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International Evidence on the Efficacy of new-Keynesian Models of Inflation Persistence

  • Oleg Korenok

    ()

    (Department of Economics, VCU School of Business)

  • Stanislav Radchenko

    ()

    (Department of Economics, University of North Carolina at Charlotte)

  • Norman R. Swanson

    ()

    (Department of Economics, Rutgers University)

In this paper we take an agnostic view of the Phillips curve debate, and carry out an empirical investigation of the relative and absolute efficacy of Calvo sticky price (SP), sticky information (SI), and sticky price with indexation models (SPI), with emphasis on their ability to mimic inflationary dynamics. In particular, we look at evidence for a group of 13 OECD countries, and we consider three alternative measures of inflationary pressure, including the output gap, labor share, and unemployment. We find that the Calvo SP and the SI models essentially perform no better than a strawman constant inflation model, when used to explain inflation persistence. Indeed, virtually all inflationary dynamics end up being captured by the residuals of the estimated versions of these models. We find that SPI model is preferable because it captures the type of strong inflationary persistence that has in the past characterized the economies of the countries in our sample. However, two caveats to this conclusion are that improvement in performance is driven mostly by the time series part of the model (i.e. lagged inflation) and that the SPI model overemphasizes inflationary persistence. Thus, there appears to be room for improvement via either modified versions of the above models, or via development of new models, that better "track" inflation persistence.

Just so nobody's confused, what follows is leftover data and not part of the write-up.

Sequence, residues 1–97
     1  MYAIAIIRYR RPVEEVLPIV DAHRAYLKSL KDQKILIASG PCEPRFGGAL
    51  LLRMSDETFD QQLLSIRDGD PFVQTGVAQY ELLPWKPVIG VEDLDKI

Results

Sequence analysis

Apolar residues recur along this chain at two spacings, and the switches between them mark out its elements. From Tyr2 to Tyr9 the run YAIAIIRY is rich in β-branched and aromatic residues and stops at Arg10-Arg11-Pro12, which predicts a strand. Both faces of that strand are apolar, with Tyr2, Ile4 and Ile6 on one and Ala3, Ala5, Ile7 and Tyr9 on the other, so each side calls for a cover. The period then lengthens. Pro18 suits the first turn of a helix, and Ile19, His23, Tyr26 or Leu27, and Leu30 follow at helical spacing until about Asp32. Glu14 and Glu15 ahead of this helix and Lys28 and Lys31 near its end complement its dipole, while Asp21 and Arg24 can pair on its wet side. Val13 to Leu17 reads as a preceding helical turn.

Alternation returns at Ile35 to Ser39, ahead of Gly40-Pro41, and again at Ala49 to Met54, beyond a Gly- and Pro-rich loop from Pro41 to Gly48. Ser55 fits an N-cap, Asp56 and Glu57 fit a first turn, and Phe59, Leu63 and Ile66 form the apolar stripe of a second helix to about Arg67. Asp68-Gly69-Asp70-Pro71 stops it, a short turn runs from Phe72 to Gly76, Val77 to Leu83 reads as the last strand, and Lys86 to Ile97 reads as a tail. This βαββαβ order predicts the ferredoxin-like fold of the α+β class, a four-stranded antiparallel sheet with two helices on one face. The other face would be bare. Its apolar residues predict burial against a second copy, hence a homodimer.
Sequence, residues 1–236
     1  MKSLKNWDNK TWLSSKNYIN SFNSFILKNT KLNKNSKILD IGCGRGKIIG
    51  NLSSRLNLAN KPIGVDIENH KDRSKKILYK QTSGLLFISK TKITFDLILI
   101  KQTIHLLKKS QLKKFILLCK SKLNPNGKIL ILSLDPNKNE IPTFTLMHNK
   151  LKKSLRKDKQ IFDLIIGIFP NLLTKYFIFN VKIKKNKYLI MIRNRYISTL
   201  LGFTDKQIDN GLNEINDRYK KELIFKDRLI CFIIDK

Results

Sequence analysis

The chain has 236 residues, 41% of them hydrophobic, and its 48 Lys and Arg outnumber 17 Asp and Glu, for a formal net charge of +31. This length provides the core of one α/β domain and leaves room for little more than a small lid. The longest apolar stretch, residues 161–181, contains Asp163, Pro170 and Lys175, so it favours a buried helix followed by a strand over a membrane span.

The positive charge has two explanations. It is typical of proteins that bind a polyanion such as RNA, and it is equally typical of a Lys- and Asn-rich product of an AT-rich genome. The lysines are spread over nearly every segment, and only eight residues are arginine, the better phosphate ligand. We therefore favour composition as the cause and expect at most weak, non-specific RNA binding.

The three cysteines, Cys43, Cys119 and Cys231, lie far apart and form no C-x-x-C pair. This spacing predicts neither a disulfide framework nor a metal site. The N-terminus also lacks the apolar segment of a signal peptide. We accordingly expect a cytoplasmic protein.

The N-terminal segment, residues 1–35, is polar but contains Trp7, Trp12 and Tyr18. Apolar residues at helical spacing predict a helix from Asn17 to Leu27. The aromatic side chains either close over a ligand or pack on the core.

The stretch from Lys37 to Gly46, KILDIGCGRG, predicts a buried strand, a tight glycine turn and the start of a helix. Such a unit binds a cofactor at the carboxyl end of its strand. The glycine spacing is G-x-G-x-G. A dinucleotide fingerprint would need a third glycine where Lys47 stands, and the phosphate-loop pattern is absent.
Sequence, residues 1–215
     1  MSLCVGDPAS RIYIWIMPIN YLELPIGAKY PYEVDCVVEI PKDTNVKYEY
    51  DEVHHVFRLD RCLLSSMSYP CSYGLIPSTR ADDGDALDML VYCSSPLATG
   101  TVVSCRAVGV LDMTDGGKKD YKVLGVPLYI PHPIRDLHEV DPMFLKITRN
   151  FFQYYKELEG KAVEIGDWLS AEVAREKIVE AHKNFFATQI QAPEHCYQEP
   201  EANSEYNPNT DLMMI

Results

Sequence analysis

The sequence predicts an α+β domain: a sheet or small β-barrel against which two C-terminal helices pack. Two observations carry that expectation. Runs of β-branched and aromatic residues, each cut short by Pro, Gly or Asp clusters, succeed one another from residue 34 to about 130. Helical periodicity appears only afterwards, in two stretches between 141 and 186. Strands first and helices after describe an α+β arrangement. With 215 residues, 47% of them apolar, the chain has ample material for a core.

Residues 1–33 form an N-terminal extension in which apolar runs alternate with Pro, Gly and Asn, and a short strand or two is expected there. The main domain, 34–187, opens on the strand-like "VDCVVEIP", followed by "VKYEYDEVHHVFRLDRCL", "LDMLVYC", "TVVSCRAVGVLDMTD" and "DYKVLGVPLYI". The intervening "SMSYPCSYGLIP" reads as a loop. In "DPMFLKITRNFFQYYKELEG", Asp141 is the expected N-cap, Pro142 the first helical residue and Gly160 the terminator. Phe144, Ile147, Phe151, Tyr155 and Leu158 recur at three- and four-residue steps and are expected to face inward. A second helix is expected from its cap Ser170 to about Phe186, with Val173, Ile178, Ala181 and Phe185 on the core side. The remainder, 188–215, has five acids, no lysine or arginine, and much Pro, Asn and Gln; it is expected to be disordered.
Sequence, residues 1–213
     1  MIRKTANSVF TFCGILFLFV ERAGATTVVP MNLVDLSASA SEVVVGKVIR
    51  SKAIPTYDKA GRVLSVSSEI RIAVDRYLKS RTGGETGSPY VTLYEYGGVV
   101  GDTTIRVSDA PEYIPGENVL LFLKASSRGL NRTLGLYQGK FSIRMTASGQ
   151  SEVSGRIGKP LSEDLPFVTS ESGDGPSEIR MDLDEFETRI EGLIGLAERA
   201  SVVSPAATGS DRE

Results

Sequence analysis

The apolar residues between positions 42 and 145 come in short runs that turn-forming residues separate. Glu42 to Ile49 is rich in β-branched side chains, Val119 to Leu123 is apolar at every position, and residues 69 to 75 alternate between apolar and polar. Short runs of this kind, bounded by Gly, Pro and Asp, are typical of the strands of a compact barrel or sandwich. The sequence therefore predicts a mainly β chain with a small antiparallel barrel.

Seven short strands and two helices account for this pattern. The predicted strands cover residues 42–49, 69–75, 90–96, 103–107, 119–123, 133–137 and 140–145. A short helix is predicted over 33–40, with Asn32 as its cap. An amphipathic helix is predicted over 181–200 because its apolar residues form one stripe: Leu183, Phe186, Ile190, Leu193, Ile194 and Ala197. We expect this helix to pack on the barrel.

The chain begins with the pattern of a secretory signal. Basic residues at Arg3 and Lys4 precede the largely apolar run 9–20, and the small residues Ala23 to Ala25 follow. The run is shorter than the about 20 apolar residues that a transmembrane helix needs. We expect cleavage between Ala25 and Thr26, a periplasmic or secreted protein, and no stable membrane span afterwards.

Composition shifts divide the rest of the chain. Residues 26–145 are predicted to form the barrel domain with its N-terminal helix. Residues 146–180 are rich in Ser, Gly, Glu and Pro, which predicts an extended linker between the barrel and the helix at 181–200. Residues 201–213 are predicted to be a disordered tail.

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File URL: http://www.people.vcu.edu/~okorenok/int_nk8.pdf
File Function: First version, 2006
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Paper provided by VCU School of Business, Department of Economics in its series Working Papers with number 0602.

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Length: 42 pages
Date of creation: Jun 2006
Date of revision:
Handle: RePEc:vcu:wpaper:0602
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Web page: http://www.business.vcu.edu/economics

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